Nothing could be further from the truth, of course; my goal is to honor what we actually know, not what we imagine. Sadly, we don’t have much historical evidence to determine definitively why some people made the choices they made and lived the lives they lived. In fact, we know very little. Often people who crossed the gender divide have entered the historical record because they upset the strict gender binary, and so available documentation about their lives is particularly negative and harsh. As with any historical analysis, it is incumbent upon us, I believe, to take an imaginative leap, to try to enter their world to understand it (this is not the same as condoning past negativity), rather than to merely impose present-day assumptions on the past.
To take another example: formerly, people who were born with atypical genital anatomies were known as hermaphrodites. Today that term is no longer used, as it conjures the idea of mythical monstrous creatures, as in the 16th-century woodcut depicted here.
It is hard to hear words or descriptions that are offensive today, no matter how they might have been used in the past. How can we preserve the historical record, avoid anachronism, and at the same time remain sensitive to those whose lives might somehow directly connect them to these historical actors?
Escaping one’s own particular context can be challenging for some students who are at a vulnerable place in their own lives. Though I will still teach about the past, no matter how hard it is to hear, I have learned from this term’s students to be more sensitive to what might spark emotional pain. It is not easy to recognize oneself as transgender or intersex, or as lesbian, gay, or bisexual, for that matter. It is not easy to see oneself in the negative ways that gender nonconforming people in the past (and even the present) have been depicted. In the future I am going to alert students on the syllabus, on the first day and repeatedly throughout the term, that this class will indeed contain some triggers. Someone who is just beginning to embrace a gender nonconforming identity might appreciate the professor’s ongoing recognition that it is challenging but important to maintain some distance between their own lives and their scholarly engagement with the past.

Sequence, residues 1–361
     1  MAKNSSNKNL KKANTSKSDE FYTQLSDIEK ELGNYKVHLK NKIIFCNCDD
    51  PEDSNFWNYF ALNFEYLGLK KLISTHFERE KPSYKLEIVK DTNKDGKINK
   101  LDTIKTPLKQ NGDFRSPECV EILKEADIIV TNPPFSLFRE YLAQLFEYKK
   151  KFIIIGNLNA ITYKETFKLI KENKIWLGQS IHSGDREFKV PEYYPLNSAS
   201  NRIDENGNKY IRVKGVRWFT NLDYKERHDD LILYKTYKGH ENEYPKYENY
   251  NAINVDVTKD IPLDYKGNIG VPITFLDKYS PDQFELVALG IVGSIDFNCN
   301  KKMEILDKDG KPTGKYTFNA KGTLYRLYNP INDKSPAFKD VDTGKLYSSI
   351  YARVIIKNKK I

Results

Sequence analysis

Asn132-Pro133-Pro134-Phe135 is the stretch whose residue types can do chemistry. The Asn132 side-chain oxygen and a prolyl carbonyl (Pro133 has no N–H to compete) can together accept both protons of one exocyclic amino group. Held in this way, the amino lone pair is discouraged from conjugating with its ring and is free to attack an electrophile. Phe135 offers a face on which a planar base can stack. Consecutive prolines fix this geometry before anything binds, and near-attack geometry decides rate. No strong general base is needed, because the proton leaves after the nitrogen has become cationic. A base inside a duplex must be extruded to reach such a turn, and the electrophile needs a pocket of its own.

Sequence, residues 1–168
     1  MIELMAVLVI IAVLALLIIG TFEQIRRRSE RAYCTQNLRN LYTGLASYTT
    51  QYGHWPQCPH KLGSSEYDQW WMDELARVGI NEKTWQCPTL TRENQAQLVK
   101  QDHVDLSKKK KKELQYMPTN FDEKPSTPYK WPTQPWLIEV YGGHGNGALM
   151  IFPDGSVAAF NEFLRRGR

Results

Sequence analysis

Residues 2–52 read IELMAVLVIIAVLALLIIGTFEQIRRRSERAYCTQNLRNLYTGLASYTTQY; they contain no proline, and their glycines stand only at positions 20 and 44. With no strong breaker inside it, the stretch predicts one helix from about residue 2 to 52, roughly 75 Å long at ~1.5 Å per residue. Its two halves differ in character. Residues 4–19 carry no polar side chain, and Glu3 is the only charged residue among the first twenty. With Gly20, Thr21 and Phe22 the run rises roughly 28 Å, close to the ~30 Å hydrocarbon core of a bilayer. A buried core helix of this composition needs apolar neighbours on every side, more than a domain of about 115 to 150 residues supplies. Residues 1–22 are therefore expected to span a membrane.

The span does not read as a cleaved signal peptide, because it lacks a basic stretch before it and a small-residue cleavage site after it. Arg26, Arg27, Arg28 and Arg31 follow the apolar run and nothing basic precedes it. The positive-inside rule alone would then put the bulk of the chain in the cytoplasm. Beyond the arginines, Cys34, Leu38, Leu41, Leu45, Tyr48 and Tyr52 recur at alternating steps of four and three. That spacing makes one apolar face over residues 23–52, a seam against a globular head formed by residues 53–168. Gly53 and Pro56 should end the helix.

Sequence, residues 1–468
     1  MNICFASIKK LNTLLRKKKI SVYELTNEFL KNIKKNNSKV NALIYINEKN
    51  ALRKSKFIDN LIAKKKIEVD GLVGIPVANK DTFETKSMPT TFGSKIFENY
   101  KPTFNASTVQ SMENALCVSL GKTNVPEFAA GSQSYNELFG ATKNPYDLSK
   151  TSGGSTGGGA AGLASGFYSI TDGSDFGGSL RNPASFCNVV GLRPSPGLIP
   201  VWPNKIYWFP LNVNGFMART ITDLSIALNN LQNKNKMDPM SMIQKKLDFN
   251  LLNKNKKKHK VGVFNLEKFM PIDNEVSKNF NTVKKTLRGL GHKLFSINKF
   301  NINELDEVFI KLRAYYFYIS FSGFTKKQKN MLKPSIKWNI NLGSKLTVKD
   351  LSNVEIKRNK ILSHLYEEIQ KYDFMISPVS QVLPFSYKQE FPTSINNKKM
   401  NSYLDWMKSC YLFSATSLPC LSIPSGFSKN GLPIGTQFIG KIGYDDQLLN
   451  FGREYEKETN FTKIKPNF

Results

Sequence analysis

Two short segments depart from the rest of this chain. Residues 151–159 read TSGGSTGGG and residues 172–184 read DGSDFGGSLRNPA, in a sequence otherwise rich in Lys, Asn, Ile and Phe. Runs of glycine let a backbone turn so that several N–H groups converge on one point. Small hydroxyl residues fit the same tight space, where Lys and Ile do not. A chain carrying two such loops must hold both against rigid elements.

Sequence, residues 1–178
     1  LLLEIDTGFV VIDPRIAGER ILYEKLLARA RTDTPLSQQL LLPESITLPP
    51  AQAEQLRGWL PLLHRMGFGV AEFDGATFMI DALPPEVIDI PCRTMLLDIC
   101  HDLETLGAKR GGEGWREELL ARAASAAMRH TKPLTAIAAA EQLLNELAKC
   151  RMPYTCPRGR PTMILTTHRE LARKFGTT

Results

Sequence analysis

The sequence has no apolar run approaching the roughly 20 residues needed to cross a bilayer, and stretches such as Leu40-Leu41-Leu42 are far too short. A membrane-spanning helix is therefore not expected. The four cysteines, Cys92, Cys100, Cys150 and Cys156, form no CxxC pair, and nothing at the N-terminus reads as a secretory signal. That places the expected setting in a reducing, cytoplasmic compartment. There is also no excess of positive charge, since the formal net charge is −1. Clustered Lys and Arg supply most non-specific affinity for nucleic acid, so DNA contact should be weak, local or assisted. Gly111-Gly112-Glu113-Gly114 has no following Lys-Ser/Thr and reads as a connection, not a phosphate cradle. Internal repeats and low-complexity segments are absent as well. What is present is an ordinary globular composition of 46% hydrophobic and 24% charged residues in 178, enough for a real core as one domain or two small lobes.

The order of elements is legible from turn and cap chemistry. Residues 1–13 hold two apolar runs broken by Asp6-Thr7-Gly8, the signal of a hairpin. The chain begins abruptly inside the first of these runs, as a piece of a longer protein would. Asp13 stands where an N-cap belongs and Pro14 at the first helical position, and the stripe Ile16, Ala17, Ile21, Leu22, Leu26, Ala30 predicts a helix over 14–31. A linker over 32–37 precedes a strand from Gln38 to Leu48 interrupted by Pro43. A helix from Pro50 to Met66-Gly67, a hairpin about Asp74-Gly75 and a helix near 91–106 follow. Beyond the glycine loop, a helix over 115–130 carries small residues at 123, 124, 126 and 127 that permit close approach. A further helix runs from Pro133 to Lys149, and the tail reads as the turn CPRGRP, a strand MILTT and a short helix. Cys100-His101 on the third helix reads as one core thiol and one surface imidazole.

Of course, students in other marginalized groups have to deal with similar concerns. When I teach about slavery in my women’s history class, I am attuned to how difficult it must be for African American students in particular to listen to 19th-century rationalizations of human bondage, for example. And yet the subject still needs to be taught. In that class, I tell students that I realize how painful it can be to hear these words, even embedded in their historical context, which helps to ease apprehensions and open the entire class to learning. As more and more students are living lives beyond the gender binary, I see now that a similar approach should guide the presentation of transgender history as well. As historians, we are pleased to find that history actually matters to our students today, and it’s our challenge—and obligation—to our students to prepare and equip them to learn by developing new means to think historically.
Elizabeth Reis is a professor of gender and bioethics at the Macaulay Honors College at the City University of New York. She is the author of Bodies in Doubt: An American History of Intersex, which was recently published in a 2nd edition, and Damned Women: Sinners and Witches in Puritan New England. She is also the editor of American Sexual Histories: A Social and Cultural History Reader.